Ibrahim Mia sits hunched over and cross-legged on his bed, rocking back and forth to distract from his pain—it’s time for his next dose of morphine.
Every two weeks, Robel Mia takes a four-hour bus journey from Dhaka, Bangladesh, to his home village, Cumilla, to bring morphine tablets to his ailing father, Ibrahim Mia. Six months ago, Ibrahim, in his late sixties, was diagnosed with terminal stomach cancer. Without his pain medication, Ibrahim's debilitating pain leaves him bedbound.
"Pain is the only disease he knows," Mia said about his father.
While the United States grapples with an opioid addiction epidemic fueled by patients' unfettered access to prescription opioids, people in low- and middle-income countries like Bangladesh struggle to fill their prescriptions.
While the United States grapples with an opioid addiction epidemic, medical patients in low-income countries struggle to fill prescriptions
In the country of nearly 168 million people, access to morphine, one of the cheapest opioids, is severely limited. According to Fazle-Noor Biswas, an oncologic pharmacist at Square Hospital in Dhaka, an oral form of morphine can be found in only ten hospitals in Bangladesh, all of which are in the capital city of Dhaka. For those who live outside of Dhaka, morphine is a distant luxury. If patients do manage to reach a pharmacy that can legally provide morphine, there's no guarantee that it will be in stock.
Rigid government regulations on manufacturing opioids, physician hesitancy to prescribe morphine, and high costs for permits to sell it are the roadblocks to accessing morphine for those who need it the most. But each factor stems from a longstanding stigma toward opioids—one that has been exacerbated by lessons learned from the West's opioid crisis.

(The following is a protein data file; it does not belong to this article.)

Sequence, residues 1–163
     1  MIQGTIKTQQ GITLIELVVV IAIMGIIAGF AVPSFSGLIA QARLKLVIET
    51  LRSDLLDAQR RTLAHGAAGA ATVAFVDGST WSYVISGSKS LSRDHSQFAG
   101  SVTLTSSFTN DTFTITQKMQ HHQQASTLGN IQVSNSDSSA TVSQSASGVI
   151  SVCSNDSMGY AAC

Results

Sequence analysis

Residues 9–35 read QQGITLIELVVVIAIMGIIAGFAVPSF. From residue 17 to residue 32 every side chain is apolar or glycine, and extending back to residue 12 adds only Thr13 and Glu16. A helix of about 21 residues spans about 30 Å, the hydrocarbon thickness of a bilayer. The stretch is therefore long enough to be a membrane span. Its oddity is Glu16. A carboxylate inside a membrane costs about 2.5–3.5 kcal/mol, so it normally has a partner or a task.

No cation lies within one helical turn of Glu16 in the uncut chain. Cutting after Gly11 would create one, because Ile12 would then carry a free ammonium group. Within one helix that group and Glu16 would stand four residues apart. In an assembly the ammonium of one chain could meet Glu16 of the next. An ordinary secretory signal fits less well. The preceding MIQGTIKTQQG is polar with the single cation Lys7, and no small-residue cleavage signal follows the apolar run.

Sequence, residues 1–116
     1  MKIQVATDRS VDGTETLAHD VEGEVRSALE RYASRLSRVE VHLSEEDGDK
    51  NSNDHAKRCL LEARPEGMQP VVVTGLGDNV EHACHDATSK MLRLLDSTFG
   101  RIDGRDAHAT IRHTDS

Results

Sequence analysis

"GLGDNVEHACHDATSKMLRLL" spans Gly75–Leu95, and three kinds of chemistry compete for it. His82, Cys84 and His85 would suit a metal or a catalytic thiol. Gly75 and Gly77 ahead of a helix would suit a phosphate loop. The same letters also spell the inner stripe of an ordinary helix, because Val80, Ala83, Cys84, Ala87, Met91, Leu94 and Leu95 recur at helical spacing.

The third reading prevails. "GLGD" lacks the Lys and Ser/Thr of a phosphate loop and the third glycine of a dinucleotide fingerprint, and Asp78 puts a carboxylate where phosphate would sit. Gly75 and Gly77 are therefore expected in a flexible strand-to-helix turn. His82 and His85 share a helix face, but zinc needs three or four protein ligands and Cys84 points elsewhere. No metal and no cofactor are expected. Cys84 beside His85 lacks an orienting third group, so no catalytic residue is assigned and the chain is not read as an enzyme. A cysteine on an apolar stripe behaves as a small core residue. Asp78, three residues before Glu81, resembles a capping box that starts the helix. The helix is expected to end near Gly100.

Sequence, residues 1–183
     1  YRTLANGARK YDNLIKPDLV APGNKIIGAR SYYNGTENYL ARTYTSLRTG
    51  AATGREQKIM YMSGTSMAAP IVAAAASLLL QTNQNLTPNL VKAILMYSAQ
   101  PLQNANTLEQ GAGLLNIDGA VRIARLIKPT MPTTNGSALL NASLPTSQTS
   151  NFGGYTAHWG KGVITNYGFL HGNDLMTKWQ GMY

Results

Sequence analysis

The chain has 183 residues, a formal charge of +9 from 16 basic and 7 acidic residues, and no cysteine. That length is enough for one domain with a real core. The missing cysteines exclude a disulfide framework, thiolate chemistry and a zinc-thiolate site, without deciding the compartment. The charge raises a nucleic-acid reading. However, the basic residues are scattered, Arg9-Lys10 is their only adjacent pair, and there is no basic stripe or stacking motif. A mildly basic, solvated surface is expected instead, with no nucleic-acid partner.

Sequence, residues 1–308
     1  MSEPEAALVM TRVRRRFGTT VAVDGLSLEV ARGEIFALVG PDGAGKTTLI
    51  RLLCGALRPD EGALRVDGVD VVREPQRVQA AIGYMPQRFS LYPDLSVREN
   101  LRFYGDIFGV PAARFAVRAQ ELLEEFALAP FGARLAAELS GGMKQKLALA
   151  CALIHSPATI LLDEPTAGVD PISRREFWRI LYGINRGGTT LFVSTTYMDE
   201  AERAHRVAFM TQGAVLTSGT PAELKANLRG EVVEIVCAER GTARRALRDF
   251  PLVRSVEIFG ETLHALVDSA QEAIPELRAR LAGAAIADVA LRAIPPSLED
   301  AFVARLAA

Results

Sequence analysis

Preventing Another Opioid Epidemic
Physician "opiophobia"—a hesitancy to prescribe opioids out of concern that patients will become addicted or overdose—is a multifaceted issue. This hesitancy is warranted: over 100,000 Americans died between May 2021 and May 2022 from an opioid overdose, fueled by misuse of prescription opioids.
However, morphine can also be a powerful and beneficial drug in the treatment of severe pain. In Bangladesh, the pendulum has swung so far in the opposite direction that patients suffering from pain receive inadequate treatment.
Felicia Knaul, a professor at the University of Miami Miller School of Medicine and whose research focuses on access to pain relief and palliative care, said that “without question,” the Western opioid epidemic has worsened access issues in poorer countries.
Knaul compares the opioid epidemic to the obesity epidemic.
"Of course, we should be worried about obesity anywhere in the world, but the obesity problem in the United States […] we don't solve by starving people," she said.
Nejamuddin Ahmad, a former chair of the department of palliative medicine at Bangabandhu Sheikh Mujib Medical University Hospital, in Dhaka, believes the primary challenge is availability. He points out that the current attitudes toward morphine in Bangladesh have prevailed for decades, independently of the West's opioid epidemic.
"But what has happened—this epidemic in your part of the world has given rise to more problems for the availability of morphine in this part of the world," Ahmad said.
Knaul believes the global community needs to strike a balance between placing checks on opioid prescriptions without compounding access issues in low- and middle-income countries. She suggests that one way to do so is by removing the profit margin for producing off-patent morphine.